We’re talking a lot this evening about Courthouse Follies because the deservedly legendary show was one of her signature achievements, possibly the most visible and well-loved. Entertaining as it is, the show is about so much more than just amusement. No, it is a matter of utmost importance to us all. As Nancy sometimes liked to quip, comedy is serious business. (Not sure whom she stole that line from.) Our job can be brutally stressful. We witness suffering and pain every day. We are all duty-bound to remain stuck in our rigidly defined roles, even at those times when our humanity cries out for us to do otherwise. Nothing is more important to our collective mental health than the Follies. At least once a year we need to sit in a room together and just laugh. Nancy was the leader of that noble project. It was she who put it all together and made it happen. (If this were a federal Sentencing Guidelines analysis, she would get an enhancement for being a leader, supervisor, manager…)
I remember one time when she addressed the cast just before a Follies performance, back stage. She gave us a pep talk in which she reminded us to pay attention and be where we were supposed to be at the appropriate time (incorrigibly ragged band of amateurs that we are, drinking our wine backstage before going on, she had to remind us of that!). She closed these remarks by saying something like: last but not least, have fun. Have fun.

Thank you, Nancy. Thank you for making such a positive contribution to the world and enriching our lives.

You know how she loved comedy. I’ll share this with you on condition of the strictest confidentiality, all 200 of you my closest friends, lest I incriminate myself: I sometimes do judge imitations. Especially when I’m just back from a courtroom assignment with a judge’s idiosyncracies still fresh in memory. Nancy absolutely loved laughing at these imitations. She would sometimes come up to me, eyes ablaze with that childlike, gleeful enthusiasm of hers — and urge me to to entertain the assembly with my imitation of Judge So-and-So. I would comply, and she would laugh and laugh, hoot with laughter.

I usually prefered to launch into an imitation spontaneously, that is, whenever the Muses moved me to it. So there were times when she would ask me to do an imitation, and I would decline on the grounds that I wasn’t in the mood, or some such nonsense. I now understand, and have learned this valuable lesson from Nancy: life is too short not to “do” one more judge. Even on demand.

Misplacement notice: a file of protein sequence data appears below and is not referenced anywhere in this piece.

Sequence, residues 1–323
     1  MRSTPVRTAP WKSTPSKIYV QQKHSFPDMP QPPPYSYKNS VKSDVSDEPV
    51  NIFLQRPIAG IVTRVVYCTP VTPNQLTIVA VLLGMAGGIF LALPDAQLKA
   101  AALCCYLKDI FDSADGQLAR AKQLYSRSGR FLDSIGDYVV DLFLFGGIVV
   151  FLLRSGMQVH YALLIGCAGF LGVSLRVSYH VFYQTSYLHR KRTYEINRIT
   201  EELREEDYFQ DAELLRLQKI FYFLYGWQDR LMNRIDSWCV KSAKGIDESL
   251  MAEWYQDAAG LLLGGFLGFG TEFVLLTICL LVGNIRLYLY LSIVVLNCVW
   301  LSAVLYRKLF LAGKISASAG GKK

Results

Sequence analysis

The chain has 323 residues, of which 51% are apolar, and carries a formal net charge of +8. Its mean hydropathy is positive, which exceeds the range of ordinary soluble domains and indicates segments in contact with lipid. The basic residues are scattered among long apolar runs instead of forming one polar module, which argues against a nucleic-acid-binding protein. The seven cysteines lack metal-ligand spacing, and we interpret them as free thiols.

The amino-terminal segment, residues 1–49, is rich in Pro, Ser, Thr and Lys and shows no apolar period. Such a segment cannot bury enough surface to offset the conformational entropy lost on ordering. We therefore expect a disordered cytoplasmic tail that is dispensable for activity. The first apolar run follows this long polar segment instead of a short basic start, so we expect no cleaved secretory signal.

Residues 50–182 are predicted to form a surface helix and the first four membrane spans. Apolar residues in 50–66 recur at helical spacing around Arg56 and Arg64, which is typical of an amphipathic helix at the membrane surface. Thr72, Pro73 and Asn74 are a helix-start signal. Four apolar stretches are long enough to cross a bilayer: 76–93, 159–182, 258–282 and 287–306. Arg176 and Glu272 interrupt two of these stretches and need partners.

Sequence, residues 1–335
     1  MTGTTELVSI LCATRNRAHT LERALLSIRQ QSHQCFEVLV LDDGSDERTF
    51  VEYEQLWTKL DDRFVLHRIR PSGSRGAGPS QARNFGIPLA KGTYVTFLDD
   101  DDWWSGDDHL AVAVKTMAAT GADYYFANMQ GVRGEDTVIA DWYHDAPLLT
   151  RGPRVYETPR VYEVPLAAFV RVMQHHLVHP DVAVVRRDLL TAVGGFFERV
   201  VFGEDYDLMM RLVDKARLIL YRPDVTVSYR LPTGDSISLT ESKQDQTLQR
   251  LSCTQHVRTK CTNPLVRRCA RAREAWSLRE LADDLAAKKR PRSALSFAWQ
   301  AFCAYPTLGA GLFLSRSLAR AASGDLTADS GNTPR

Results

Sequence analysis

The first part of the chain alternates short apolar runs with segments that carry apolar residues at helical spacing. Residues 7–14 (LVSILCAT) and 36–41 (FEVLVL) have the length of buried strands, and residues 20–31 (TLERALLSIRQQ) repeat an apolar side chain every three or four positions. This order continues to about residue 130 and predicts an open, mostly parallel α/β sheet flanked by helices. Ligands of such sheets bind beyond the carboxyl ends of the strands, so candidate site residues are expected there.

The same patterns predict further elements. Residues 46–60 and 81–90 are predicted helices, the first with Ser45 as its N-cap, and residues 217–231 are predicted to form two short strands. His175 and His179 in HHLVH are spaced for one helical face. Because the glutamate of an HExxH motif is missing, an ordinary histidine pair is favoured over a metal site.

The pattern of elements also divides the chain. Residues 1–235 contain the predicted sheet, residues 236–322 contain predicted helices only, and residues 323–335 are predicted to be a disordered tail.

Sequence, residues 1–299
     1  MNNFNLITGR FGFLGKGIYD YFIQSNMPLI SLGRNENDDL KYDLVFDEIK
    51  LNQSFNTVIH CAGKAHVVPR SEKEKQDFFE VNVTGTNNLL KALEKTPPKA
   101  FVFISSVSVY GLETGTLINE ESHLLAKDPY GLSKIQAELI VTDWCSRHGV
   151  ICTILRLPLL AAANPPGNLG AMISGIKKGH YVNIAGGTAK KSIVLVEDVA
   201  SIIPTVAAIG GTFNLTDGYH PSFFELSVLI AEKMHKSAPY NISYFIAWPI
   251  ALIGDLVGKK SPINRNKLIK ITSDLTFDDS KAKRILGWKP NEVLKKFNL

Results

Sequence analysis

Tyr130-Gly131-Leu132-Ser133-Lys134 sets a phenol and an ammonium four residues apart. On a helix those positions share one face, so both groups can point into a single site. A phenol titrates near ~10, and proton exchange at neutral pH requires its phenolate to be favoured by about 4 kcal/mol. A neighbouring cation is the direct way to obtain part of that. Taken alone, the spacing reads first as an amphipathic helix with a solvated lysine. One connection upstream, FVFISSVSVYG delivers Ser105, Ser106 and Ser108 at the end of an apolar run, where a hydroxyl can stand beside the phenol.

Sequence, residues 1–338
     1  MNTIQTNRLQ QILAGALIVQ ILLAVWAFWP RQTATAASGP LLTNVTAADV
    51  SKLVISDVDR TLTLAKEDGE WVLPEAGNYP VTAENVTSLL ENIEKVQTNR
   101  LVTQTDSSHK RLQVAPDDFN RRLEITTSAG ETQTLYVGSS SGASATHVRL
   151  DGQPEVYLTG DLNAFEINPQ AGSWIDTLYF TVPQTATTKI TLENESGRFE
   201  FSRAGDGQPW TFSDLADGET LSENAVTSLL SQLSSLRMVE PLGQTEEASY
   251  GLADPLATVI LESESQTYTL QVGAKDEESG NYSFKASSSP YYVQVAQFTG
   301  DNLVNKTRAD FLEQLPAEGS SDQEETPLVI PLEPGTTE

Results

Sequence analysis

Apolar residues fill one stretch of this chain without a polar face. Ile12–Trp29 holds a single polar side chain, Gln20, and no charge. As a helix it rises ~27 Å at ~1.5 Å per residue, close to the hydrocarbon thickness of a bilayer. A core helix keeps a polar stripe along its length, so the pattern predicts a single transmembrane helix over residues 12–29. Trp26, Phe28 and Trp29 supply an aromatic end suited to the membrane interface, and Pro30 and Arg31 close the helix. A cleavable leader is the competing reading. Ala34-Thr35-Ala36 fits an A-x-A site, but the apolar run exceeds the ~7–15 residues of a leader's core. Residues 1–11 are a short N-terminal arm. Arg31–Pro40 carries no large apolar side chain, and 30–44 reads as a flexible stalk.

I survived the 2012 Boston Marathon

In December 2011 I started 20 weeks of training for the Boston Marathon on April 16, 2012. For this my fourth marathon my goal time was 3:17 to 3:18, a two or three minute improvement over my person record (PR) 3:19:55 that I ran Boston in 2011.
For those not familiar with the marathon game: this goal represents not a spectacular but a thoroughly respectable time for a man in his mid 50s For context, consider that a world-class male marathoner will run 26.2 in a few minutes over two hours, and the guy who won the men’s 50-54 age group last year ran a 2:34:52 — preposterous, but conclusively demonstrating that it is possible. From my point of view, anything under around 3:10 is seriously kicking ass, and getting much below 3:00 is unfathomable.
At my modest level of experience one has already learned that it is unusual for a training cycle to go smoothly from end to end. Injury, sickness, extreme weather, or a personal or work-related situation of some sort will often present challenges in addition to the expected physical and logistical demands of the mileage. I was therefore grateful that this time my training had gone remarkably well — mild winter, no death in the family, no more than a few days downtime due to a cold in February. Then, in the days just preceding the race, the organizers saw the forecast for temperatures in the upper 80s and began to email dire warnings to race registrants. As the forecast temperatures rose, so did the tone of alarm in the emails. In the last of these they urged anyone who was not extremely fit to withdraw from the race, and those who did not should slow way down, forget about racing and treat it as an “experience.”
I grudgingly revised my race plan. The PR goal was abandoned; instead, I decided aiming for a Boston-qualifying 3:30 would be acceptable, a full 30 seconds per mile slower than my ideal. But fear and uncertainty set in. During the last two days I had an persistent, unpleasant feeling that I could not quite identify — until 3:30 on the morning of the race, when I awoke in my hotel room to the realization that my problem with this enterprise was simple: I did not want to do it. Running 26.2 miles in the high 80s has never been on my list of things to do in this life. I must have understood that while this was unlikely to end in catastrophe, it was certain to be truly painful — even more so than your typical marathon effort. Hence my fantasies about running away rather than running the race.